In the summer of 1994, I remember the Venerable Master had been sick for a while and then got slightly better, but his pain was still intense. When several of us went to see him, he forced himself to sit up despite his weak condition. In a very feeble voice, he recited from memory and explained a passage from the text Ten Jewels from the Sea of Dhyana. Then he asked us to explain each line again as he listened with total concentration. If there was some part that we couldn't explain very well, the Master patiently would explain it for us again. After that he recited by heart several more passages from Ten Jewels from the Sea of Dhyana and urged us to cultivate diligently. The Master was true to the vast vow he had made, "As long as I have a breath left, I will certainly lecture on the Sutras and speak the Dharma." That was also a genuine demonstration of the Master's tireless spirit of forgetting himself for the sake of the Dharma.

- by Equal Wisdom, p.105 - 106,
"In Memory of Ven. Hua Vol. I"

As long as I have a breath left, I will lecture on the Sutras and speak the Dharma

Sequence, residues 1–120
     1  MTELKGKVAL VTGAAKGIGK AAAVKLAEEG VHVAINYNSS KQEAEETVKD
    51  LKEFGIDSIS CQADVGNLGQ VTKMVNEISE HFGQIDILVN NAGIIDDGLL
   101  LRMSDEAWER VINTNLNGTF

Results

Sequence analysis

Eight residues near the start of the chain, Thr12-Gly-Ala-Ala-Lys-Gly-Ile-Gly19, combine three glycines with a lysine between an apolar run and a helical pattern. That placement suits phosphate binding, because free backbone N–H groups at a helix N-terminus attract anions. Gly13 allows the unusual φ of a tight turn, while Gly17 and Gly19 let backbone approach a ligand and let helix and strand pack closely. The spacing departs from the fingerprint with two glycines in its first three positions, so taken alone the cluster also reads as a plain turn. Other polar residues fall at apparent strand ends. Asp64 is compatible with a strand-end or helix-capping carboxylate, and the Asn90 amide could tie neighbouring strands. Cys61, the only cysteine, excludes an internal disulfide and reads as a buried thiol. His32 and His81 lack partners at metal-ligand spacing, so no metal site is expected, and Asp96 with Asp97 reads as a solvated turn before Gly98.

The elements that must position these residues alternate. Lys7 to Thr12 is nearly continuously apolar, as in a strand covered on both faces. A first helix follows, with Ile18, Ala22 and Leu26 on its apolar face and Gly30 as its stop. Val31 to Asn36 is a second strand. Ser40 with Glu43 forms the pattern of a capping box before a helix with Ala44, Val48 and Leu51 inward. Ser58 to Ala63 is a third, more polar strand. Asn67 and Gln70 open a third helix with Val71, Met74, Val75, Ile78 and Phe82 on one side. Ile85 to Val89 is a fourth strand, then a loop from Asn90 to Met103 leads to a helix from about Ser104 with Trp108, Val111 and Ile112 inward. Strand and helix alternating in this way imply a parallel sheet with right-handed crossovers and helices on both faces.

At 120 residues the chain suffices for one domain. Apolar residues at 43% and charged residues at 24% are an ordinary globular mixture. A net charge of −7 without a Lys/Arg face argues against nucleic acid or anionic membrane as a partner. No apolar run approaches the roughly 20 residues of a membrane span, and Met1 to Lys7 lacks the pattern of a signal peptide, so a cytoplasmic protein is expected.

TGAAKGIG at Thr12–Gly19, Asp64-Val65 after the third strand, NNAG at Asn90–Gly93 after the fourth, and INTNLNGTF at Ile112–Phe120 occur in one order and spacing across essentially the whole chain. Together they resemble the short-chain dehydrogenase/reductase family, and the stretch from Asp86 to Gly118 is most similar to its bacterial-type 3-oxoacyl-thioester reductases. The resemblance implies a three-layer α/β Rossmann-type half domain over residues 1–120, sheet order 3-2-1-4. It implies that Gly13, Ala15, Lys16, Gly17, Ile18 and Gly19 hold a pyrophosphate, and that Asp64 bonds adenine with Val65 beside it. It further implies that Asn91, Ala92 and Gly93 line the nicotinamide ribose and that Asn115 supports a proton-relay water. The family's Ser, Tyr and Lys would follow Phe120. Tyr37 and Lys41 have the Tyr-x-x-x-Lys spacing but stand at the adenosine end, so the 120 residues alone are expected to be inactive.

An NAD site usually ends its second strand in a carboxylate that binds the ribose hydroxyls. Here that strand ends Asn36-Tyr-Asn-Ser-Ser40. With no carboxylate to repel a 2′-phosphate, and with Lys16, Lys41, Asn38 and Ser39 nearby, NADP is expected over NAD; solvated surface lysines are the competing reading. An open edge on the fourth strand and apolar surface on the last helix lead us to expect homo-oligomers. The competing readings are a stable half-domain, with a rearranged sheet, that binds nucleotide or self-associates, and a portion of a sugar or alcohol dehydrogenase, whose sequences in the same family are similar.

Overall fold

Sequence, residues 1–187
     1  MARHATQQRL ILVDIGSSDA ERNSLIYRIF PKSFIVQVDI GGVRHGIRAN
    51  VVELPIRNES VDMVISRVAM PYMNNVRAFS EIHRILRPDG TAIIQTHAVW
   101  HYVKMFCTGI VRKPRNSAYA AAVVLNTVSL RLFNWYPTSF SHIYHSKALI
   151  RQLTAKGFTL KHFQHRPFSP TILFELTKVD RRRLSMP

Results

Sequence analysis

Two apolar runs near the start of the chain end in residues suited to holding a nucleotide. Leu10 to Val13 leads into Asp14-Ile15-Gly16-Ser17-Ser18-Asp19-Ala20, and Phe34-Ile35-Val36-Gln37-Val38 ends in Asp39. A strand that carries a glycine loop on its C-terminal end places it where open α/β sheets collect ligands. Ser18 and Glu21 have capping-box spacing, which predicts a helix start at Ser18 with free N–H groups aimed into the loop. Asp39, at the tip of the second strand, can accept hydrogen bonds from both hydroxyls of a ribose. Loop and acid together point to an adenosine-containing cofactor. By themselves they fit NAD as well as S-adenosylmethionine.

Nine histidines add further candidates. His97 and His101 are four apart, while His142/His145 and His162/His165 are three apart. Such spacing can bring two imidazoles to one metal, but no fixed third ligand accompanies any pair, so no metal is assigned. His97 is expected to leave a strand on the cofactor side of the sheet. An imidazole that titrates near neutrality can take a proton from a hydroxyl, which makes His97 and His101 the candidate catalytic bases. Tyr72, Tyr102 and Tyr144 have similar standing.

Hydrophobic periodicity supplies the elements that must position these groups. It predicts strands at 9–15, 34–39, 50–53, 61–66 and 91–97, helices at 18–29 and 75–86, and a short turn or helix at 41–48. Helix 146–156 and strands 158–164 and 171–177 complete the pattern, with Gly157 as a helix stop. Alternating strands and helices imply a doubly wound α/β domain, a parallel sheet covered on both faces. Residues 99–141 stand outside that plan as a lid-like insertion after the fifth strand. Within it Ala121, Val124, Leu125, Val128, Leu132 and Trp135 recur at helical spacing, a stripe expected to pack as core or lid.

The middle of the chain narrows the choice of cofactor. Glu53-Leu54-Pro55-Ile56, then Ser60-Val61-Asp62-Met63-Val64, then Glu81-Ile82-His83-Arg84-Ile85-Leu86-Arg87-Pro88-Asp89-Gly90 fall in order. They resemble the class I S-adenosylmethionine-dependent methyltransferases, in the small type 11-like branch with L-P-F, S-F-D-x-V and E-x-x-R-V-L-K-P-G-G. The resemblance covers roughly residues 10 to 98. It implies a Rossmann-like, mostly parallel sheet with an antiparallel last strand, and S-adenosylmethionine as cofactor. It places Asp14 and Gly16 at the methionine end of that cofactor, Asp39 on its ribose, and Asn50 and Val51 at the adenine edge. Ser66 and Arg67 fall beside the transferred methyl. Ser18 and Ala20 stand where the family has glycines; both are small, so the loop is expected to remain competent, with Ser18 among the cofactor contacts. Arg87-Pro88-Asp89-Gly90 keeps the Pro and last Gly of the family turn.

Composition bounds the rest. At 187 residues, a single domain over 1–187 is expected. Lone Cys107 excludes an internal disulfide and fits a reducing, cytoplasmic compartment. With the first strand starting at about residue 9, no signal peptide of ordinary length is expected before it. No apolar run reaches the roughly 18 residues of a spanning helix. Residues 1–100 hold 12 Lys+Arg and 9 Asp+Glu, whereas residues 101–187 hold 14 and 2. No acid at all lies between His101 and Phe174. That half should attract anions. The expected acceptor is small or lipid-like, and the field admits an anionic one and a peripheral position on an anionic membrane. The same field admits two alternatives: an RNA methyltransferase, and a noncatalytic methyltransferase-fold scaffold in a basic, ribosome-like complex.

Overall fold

As long as I have a breath left, I will lecture
on the Sutras and speak the Dharma.

The breadth and depth of the Venerable Master's teachings is difficult to fathom - he expounded the Sutras, lectured on the various Dharma doors, and gave instructional talks that pointed straight to our hearts. He also taught us rules and that we should follow them. Even the Master's poetry, couplets and essays hold precious lessons for everyone. He also composed an equally diverse range of biographies on various historical personages, hoping we would emulate the virtuous sages of old. The Venerable Master also used Prajna humor to activate our inherent wisdom. All that is just the tip of the iceberg. In reality, many more of the Master's lessons were imparted informally, and many more were wordless lessons that can be derived from his deeds and actions.